Posted in Detective, Liked It, Mystery, Rated LI

Murder on the Orient Express

On the way back from Syria, Hercule Poirot takes the Orient Express. Oddly enough the train is very crowded for the time of year. While on the trip, Poirot is approached by a Mr. Ratchett who tries to hire Poirot to be his man sort of. Poirot doesn’t like the look of Ratchett and refuses. On the second night of the journey, Poirot hears a noise coming from Ratchett’s compartment, but later hears the man respond to the conductor’s question that nothing was the matter. A number of strange things happen that night including a woman in a scarlet kimono who bumps the door to his compartment. Oh yes! the train is stopped due to a snow storm.
The next morning, Poirot discovers that Ratchett is dead a victim of 12 stab wounds. The wounds are all different types-some deep and some shallow, some by a right handed person and some by a left handed person. Trying to solve the crime is quite a job because there seems to be a lot of evidence. It points to various people, and when part of the evidence is found in Poirot’s own cabin, its clear than some if not all of the evidence has been planted.
The strange thing about all the people in this particular car is the amount of nationalities present- Italian, Swedish, Russion, German, and a Scotsman. The only place to find that kind of diversity would be America. As it turns out, Ratchett’s true name is Cassetti. Years before, Cassetti kidnapped a 3 year old named Daisy Armstrong who was also an heiress. He asked for ransom, but killed the child anyway. The girl’s mother went into premature labor and died along with the child. The girl’s father committed suicide. The maid was suspected and jumped out of the window. She was cleared later on.

I’m not going to tell you who did it. I hope I told you enough to intrigue you! This was a convoluted mystery.

Read more…

Posted in Detective, Liked It, Mystery

The Mysteries Affairs at Styles

This my dear readers is the first Agatha Christie mystery published. It is also the first Hercule Poirot novel. I believe this answers one of the questions on one of the quizzes or tests that I created.

The cast
Capt. Hastings (the narrator)- he is on sick leave from the miliatary
Hercule Poirot- old friend of Hastings; he is in exile from Belgium
Chief Inspector Japp of Scotland Yar
Emily Inglethorp- the victim
Alfred Inglethorp-her much younger husband
John Cavendish, the elder stepson
Mary Cavendish, John’s spouse
Lawrence Cavendish,- John’s younger brother
Evelyn Howard- companion to the victim
Cynthia Murdoch- friend of the family
Dr. Bauerstein- toxicologist.

After an evening of entertaining, Emily Inglethorp is found poisoned in her locked bedroom. It turns out to be a case of strychnine poisoning. Strychnine is an alkaloid used as pesticides for rodents. During this time period, strychnine was used in medications as stimulant, a laxative, and treatment for stomach ailments. It seems everyone is a suspect- here gold digging husband, companion, best friend- it seems everyone has a reason for wanting dear Emily dead and gone.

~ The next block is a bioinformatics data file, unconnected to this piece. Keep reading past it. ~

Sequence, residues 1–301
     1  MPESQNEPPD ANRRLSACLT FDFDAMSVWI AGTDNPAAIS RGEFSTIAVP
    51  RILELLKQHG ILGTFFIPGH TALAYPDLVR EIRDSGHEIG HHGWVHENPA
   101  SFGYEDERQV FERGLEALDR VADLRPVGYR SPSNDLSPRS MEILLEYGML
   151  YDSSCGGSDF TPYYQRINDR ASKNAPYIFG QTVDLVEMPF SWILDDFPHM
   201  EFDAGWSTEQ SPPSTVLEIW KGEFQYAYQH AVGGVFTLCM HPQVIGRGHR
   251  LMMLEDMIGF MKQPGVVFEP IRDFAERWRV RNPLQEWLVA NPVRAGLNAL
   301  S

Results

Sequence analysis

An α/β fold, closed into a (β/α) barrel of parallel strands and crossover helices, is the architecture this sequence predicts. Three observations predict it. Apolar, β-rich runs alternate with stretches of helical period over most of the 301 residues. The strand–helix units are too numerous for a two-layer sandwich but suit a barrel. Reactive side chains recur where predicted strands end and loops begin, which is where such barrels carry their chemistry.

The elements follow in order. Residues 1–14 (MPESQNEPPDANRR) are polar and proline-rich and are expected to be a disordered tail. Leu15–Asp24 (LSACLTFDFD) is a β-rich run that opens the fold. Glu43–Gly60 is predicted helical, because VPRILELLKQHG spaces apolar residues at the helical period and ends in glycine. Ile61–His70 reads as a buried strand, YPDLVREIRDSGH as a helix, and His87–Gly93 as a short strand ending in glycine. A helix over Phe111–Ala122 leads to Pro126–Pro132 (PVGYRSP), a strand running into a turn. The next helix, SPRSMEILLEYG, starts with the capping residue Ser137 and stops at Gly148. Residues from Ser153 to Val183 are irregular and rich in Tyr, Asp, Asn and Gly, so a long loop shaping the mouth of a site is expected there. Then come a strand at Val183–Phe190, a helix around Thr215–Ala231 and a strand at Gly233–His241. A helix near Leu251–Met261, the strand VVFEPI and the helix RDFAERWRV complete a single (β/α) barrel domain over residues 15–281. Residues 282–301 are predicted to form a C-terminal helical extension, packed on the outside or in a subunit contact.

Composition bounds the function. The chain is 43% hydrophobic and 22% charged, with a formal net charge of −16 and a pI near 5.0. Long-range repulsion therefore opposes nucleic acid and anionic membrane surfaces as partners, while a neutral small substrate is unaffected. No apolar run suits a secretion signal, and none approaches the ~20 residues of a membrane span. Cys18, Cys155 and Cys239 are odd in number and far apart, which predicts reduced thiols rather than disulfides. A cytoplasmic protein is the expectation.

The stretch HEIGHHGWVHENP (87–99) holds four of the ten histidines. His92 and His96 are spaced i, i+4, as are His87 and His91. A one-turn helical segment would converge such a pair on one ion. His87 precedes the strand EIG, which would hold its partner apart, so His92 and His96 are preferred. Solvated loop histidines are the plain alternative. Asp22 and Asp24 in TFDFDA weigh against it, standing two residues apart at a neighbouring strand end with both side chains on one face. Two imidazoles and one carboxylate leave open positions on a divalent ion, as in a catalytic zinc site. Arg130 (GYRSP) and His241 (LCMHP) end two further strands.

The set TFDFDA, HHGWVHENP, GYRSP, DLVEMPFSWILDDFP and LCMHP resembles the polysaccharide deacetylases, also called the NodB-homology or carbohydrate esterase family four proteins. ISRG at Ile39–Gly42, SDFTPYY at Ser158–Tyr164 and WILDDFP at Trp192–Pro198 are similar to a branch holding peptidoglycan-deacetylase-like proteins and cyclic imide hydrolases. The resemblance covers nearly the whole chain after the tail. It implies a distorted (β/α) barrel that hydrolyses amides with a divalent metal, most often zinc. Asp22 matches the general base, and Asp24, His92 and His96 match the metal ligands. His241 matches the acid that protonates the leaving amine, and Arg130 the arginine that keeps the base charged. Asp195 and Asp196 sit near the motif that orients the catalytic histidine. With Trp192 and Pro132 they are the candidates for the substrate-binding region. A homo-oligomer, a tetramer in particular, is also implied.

The suspicion falls on the younger husband, naturally of course, because he gains the most under the will. Hastings calls in Poirot to help solve this befuddling crime. He discovers that early that day Emily was heard arguing with a man either her husband or stepson. Following this argument she made a new will which seems to be missing. The will had been in a document case in her bedroom. Two people are discovered to have bought strychnine days before the murder- Alfred and John. The only hitch in suspecting Alfred is that he left earlier that evening and spent the night in a nearby village; so he was not present to administer the poison. Then there is the next hurdle to overcome, which is that no one seems to know how the poison was administered. As typical in her novels, the police nab the wrong person, but Hercule Poirot always gets his man.

I find it difficult to figure out who’s done it in the Hercule Poirot novel. It’s not the logical deduction that’s the problem. It’s just the sheer amount of characters in the book. I mean keeping track of who touched what, when is quite difficult, especially as Poirot seems to interrogate people at random. But there were a fair amount of red herrings. As is his style, Poirot sets people up three ways from Christmas in order to entrap someone else. There are many times I found myself smacking my forehead. As a character Poirot is interesting. He operates, much like Miss Marple, by setting people up to under estimate him. It is constantly stated in this series that British people distrust foreigners. The British treat him as inferior. I suppose he is a great deal to blame as he will insist on acting like a fussy old lady. But underestimating him proves to be people’s undoing.

Posted in Loved It, Mystery

And Then There Were None

Ten Little Soldiers

Ten little Soldier boys went out to dine;
One choked his little self and then there were Nine.
Nine little Soldier boys sat up very late;
One overslept himself and then there were Eight.
Eight little Soldier boys traveling in Devon;
One said he’d stay there and then there were Seven.
Seven little Soldier boys chopping up sticks;
One chopped himself in halves and then there were Six.
Six little Soldier boys playing with a hive;
A bumblebee stung one and then there were Five.